ACCC canes major banks for “synchronised” pricing

George Lekakis Finance regulation

The Australian Competition and Consumer Commission has called out the big banks for gouging an extra $1.1 billion a year from thousands of interest-only borrowers, but has baulked at recommending action to fix the problem.

The four major banks controversially repriced their interest-only back books by an average of 32 basis points in June 2017 and claimed they were forced to do it by a restrictive lending policy imposed on them by the Australian Prudential Regulation Authority.

However, the justification stumped up by the banks was misleading because APRA’s restrictive benchmark for growth in interest-only mortgages was directed at limiting such lending to new borrowers only.

In its final report on residential mortgage pricing released yesterday, the ACCC found that the banks used the cover of the APRA’s regulatory intervention to slug existing interest-only borrowers with higher rates.

“Together, the big four banks estimated revenue gains of over $1.1 billion for their 2018 financial year primarily as a result of these mid–2017 interest rate increases,” the ACCC observed in its report.

 “These estimated revenue gains were largely due to the big four banks’ increased variable rates for existing interest only residential mortgages.

“While APRA’s interest-only benchmark had the objective of contributing to financial system stability, we find it lessened price competition for interest-only lending.

“We consider that the benchmark provided the opportunity for the banks to synchronise their significant increases to interest-only rates during the price monitoring period, at a significant cost to those borrowers.”

The ACCC found that the “synchronised” mortgage repricings were enabled by an oligopoly market structure dominated by the four major banks.

The regulator also found that opaque pricing practices of major lenders meant that most existing borrowers were generally being charged much higher rates for the same mortgage products than new customers.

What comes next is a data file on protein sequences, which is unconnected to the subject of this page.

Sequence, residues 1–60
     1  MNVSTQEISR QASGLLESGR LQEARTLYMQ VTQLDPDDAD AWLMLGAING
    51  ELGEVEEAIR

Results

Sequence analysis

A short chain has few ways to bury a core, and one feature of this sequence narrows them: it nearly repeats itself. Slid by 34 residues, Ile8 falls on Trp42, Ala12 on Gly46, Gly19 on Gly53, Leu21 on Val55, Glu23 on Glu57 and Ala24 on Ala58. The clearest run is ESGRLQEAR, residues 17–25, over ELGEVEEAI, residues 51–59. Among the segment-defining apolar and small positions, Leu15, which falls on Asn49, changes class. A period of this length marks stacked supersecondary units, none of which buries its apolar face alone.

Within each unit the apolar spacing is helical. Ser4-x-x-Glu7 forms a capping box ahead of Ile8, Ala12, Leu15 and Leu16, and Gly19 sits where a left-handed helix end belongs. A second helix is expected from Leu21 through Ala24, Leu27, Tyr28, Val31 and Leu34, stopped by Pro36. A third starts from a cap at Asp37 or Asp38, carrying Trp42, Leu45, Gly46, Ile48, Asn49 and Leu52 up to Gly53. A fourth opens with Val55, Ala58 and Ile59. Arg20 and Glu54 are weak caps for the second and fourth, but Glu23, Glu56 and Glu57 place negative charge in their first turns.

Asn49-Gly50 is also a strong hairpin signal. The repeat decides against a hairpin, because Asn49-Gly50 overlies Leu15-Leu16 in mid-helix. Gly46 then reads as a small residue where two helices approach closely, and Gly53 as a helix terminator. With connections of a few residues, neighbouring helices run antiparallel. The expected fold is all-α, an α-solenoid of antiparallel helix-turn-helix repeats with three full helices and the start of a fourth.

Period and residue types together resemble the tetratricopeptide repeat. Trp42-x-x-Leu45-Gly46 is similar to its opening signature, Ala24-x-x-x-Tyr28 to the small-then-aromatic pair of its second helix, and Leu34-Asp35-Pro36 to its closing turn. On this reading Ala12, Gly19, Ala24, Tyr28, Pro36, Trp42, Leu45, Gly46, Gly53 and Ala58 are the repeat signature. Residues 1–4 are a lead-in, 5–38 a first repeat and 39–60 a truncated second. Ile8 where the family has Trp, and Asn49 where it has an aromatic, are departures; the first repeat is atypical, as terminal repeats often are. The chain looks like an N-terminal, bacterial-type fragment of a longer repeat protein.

“The lack of transparency in discretionary discounts makes it unnecessarily difficult and more costly for borrowers to discover the best price offers,” the ACCC found.

“This adversely impacts borrowers’ willingness to shop around, either for a new residential mortgage or when they are contemplating switching their existing residential mortgage to another lender.”

Consumer advocates, including the Consumer Action Law Centre(CALC), swooped on the ACCC’s findings, saying they were latest proof that banks were failing to give full and open disclosure to borrowers about their pricing tactics.

“Clearly the major banks are punishing loyalty rather than rewarding it,” said CALC’s director of policy, Catherine Temple.

“Being a consumer shouldn’t be a full time job.”

Temple said her organisation had serious concerns about banks not being upfront with borrowers when they reprice home loans.

While the ACCC report is another blow to the reputations of Australia’s largest lenders, the regulator cleared the major banks of having used the 2017 mortgage rate hikes to recoup revenue lost through the federal government’s wholesale banking levy.

The ACCC was asked to investigate the possible link between the levy and mortgage rate increases after Prime Minister Scott Morrison raised such concerns last year when he was Treasurer.

“We did not find any evidence of an Inquiry Bank making a pricing decision during the price monitoring period in order to recover all or part of the cost of the Major Bank Levy from residential mortgage borrowers,” the ACCC said in its report.

“We came to this conclusion having reviewed decisions made by the Inquiry Banks in relation to headline variable interest rates, headline fixed interest rates, discounting policies and fees.”